Post-deployment Syndrome (PDS)
Post-deployment syndrome is a collection of symptoms that are consistent in nature and impact day-to-day functioning for a minimum of three months (Cifu 2010). Persons typically have at least two of the following: mild traumatic brain injury or concussion, post-traumatic stress disorder, major depression, chronic pain, generalized anxiety disorder, cognitive complaints, sleep disturbance, fatigue, and sensory abnormalities (Cifu 2010; Cifu and Blake 2011). It is estimated that 16% of OIF/OEF veterans experience symptoms (Walker et al. 2010). Onset is primarily attributed to combat exposure and proximity to violent blasts. Elements of PDS were previously referred to as “shell shock” and “postconcussional syndrome” during World Wars I and II (Walker et al. 2010). Increased attention to the syndrome has resulted in part due to the prolonged nature of the current US military conflicts.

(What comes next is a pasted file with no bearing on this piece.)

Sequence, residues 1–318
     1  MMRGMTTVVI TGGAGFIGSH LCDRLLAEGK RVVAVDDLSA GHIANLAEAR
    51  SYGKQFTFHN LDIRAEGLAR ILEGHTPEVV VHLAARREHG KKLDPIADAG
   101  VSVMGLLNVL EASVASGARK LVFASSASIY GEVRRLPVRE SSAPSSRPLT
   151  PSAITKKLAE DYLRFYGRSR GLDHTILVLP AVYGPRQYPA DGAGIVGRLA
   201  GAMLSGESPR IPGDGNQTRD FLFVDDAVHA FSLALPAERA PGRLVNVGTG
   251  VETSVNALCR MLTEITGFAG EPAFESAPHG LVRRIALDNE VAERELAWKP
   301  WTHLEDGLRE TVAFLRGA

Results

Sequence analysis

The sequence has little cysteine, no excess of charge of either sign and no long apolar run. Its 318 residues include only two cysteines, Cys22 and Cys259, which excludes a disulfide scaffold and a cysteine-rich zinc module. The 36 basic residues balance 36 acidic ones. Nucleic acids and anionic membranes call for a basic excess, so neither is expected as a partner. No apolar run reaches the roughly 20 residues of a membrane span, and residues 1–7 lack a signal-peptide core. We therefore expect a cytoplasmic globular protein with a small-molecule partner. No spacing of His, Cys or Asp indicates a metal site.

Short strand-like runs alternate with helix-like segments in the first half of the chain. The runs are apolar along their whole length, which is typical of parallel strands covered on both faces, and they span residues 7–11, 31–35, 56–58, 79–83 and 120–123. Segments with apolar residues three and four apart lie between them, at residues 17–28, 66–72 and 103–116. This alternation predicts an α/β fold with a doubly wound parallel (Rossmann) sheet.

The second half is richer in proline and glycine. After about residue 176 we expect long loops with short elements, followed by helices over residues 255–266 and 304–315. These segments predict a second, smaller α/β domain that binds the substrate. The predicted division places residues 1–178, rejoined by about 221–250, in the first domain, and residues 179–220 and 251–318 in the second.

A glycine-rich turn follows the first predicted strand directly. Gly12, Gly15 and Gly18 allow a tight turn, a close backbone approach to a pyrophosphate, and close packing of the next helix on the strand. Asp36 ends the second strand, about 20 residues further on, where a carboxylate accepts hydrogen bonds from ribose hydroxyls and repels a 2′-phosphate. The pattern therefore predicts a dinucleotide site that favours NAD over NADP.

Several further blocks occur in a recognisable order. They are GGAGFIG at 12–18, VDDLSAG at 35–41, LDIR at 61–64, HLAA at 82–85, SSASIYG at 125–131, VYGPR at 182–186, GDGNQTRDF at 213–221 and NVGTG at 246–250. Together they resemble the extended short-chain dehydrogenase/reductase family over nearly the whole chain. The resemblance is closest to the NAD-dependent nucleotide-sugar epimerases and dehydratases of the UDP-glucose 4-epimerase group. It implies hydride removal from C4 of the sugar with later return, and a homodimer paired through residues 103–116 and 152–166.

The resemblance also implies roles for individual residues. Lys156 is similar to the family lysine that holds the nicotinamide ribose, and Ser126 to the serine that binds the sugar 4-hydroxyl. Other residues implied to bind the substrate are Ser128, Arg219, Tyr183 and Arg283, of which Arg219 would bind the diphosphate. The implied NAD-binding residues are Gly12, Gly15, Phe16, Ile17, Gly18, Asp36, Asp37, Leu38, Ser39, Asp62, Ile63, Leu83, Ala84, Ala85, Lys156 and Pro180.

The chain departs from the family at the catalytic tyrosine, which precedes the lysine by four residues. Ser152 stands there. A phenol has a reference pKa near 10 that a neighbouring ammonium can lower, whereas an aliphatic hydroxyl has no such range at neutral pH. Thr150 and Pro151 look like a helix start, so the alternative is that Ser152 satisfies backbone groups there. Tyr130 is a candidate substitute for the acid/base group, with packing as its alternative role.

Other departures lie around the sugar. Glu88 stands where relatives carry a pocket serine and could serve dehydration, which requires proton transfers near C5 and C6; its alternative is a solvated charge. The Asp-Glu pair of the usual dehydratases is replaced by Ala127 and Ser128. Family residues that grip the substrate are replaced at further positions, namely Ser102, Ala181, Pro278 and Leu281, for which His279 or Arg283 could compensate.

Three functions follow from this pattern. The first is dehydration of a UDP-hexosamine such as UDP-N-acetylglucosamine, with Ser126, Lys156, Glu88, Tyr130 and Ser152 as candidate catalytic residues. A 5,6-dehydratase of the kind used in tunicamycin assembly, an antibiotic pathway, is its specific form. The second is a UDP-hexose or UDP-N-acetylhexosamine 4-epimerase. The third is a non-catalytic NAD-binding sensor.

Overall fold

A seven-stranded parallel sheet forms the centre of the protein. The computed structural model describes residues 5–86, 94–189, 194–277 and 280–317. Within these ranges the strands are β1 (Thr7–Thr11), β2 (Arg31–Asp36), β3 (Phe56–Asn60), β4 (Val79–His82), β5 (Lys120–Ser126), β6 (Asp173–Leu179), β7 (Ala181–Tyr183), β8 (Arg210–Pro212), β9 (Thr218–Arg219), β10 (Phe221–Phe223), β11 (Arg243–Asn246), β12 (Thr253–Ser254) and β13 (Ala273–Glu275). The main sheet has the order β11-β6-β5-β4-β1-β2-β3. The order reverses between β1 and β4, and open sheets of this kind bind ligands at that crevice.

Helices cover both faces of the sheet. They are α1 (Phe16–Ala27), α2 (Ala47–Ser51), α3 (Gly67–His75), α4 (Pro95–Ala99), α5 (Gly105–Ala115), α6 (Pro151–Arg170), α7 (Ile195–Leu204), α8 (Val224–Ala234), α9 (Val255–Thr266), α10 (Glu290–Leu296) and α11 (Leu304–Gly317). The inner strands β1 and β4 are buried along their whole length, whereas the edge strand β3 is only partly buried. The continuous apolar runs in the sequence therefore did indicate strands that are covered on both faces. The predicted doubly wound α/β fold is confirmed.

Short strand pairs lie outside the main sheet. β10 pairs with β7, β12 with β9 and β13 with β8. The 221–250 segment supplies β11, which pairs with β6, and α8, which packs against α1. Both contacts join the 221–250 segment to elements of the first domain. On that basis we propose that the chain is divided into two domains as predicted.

- Cifu, D. (2010). Personnel with post-concussion syndrome. Psychiatry Research, 246, 321–325. What is post-deployment syndrome. https://www.brainline.org/video/what-post-deployment-syndrome. Published 11/12/2010. Accessed July 31, 2017.
- Cifu, D. X., & Blake, C. (2011). Post-deployment syndrome: The illness of war. In Overcoming post-deployment syndrome: A six-step mission to health. New York: Demos Medical Publishing.Google Scholar